Reflections on Viterbo from its most recent president

Reflections on Viterbo from its most recent president

Calum Sullivan, Assistant Editor

As Rick Trietley transitions from interim to official president of Viterbo University, the Lumen decided to get in touch with someone who has experience with some things Trietley may be dealing with as he begins his presidency.   The Lumen sat down with former Viterbo President Glena Temple to ask her about her time at the university and to reflect on the community she left behind and the man who now leads it.   


After serving at Viterbo for over 20 years, Temple resigned as president at the end of the 2021 spring semester and accepted the position of president at Dominican University in River Forest, Ill. Temple quoted St. Francis saying, “I had done what was mine to do” at Viterbo. She went on to explain, “Knowing Viterbo had such strong leaders across campus to step up … made leaving easier. Viterbo is in good hands and will continue to thrive.” 


When asked about Rick Trietley’s leadership, Temple had nothing but compliments to offer Viterbo’s new president. Reflecting on her experiences with Trietely, which date all the way back to his hiring at Viterbo in 2017, she says, “I have always been impressed by Rick’s student-centered approach and his deep commitment to Franciscan education, and he will be a strong President for Viterbo. I had the privilege of hiring Rick to join Viterbo and to work closely with him on many projects.  Rick has strong leadership skills that were very evident as he co-led the COVID response taskforce in 2020-2021.  I’m proud to call Rick my friend, and I know he brings passion to the role of President.” 


The Lumen was interested to hear Temple talk about similarities and differences between Dominican University and Viterbo and to gain some perspective on what the schools could learn from each other.  Temple said the two schools were very similar, insisting each were “both founded by strong women to serve the needs of the community and increase access to education.” She added that Dominican especially “has a strong commitment to social mobility, and serving students that have historically had less access to higher education. Working in this space is my calling and where I find energy each and every day even in the face of adversity.”  


When asked what Viterbo could do to better itself as a university, Temple replied that “everyone in higher education should be committed to helping more students graduate and find success in their chosen field.”  She added, “Viterbo works very hard to accomplish this, but it is something the entire industry needs to keep in front of us all the time.  How Viterbo supports students is changing as the demographics of the student body have shifted.  Historically, Viterbo served primarily undergraduate students from small, rural high schools surrounding western Wisconsin.  As Viterbo has expanded in size and reach, the student body now includes more students from further away and more students from city/suburban schools, more graduate students, and more diversity (race/ethnicity, religion, socioeconomic background, gender, etc.).  This growth requires Viterbo to continually evaluate systems to meet the needs of the students of today.”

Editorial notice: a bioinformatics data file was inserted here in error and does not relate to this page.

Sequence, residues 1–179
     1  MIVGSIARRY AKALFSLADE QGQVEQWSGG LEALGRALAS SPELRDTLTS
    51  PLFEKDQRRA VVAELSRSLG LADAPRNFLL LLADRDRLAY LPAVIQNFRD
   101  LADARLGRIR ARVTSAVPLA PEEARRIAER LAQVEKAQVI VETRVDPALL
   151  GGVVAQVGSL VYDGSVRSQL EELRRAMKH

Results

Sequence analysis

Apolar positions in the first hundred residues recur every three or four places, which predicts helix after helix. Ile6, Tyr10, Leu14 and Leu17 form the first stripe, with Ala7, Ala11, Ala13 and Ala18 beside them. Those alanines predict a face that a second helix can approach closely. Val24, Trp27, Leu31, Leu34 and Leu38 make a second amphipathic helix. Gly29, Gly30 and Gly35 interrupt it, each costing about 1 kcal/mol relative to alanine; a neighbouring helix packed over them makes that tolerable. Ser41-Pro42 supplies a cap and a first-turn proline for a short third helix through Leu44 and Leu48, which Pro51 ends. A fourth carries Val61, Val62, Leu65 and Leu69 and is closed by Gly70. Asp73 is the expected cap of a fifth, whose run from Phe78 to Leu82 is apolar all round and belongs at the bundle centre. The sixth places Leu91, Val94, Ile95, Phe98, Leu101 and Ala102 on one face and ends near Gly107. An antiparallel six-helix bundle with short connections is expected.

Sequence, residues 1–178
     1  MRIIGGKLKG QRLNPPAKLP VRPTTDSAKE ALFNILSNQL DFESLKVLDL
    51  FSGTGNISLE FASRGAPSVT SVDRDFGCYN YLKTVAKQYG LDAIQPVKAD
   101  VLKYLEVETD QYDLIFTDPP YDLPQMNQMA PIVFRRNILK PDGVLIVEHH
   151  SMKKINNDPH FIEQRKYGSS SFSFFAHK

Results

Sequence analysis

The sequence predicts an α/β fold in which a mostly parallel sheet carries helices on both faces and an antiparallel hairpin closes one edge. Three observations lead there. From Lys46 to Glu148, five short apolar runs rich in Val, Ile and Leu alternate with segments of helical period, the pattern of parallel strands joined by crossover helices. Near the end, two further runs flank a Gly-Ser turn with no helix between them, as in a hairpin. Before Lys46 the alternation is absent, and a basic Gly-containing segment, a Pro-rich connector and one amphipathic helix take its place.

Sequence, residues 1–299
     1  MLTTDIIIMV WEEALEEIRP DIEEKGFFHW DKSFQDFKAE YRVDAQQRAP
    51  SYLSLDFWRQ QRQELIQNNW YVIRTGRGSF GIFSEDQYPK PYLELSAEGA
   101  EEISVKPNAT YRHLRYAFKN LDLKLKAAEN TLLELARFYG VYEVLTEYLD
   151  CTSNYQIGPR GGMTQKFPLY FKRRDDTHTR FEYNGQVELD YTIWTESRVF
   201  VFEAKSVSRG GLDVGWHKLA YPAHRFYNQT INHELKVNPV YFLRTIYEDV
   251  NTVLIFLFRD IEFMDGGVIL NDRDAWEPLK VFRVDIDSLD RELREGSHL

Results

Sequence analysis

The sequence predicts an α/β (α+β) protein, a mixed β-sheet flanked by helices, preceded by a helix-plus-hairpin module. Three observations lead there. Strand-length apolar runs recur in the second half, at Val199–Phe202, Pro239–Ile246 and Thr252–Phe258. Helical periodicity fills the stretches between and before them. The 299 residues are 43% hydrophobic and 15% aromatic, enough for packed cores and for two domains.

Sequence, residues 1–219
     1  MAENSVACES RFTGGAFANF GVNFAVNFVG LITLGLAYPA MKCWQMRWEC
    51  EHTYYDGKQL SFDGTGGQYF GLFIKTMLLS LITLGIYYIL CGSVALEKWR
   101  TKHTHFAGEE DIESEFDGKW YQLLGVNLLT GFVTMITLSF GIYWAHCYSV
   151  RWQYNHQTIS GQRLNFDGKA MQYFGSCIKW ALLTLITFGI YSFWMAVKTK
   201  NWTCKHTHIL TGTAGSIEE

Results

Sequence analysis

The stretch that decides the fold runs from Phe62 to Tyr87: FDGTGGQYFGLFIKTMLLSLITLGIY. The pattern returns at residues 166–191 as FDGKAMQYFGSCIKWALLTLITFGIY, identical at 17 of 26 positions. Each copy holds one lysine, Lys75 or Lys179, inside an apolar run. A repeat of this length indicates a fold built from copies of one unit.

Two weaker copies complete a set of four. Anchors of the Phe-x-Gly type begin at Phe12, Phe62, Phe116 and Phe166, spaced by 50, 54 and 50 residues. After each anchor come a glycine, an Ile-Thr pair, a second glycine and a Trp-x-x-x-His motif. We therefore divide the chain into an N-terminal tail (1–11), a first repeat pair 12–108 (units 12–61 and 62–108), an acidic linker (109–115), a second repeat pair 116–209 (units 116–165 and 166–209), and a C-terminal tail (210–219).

Temple ended by reflecting on some of her fondest memories at Viterbo. Many of them included working with students and finding new ways for students to thrive while experiencing new opportunities at Viterbo.  “Working with Viterbo students will always be the highlight of my time at VU, including teaching freshmen in biology and in the Franciscan Values and Traditions seminar (with Sr. Lucy Slinger), working with undergraduate research students, and engagement opportunities in the community.”  Temple added that she fondly remembers “the opportunity to take a pilgrimage to Assisi through the FSPA and later establishing the relationship with the city of Viterbo, Italy.”   


Temple was thankful for Viterbo’s support and encouragement, which “helped me grow in many aspects of my life (profession, spiritual, and personal),” and added that she “made lasting friendships and [has] tremendous respect for the faculty and staff who are deeply committed to the mission.”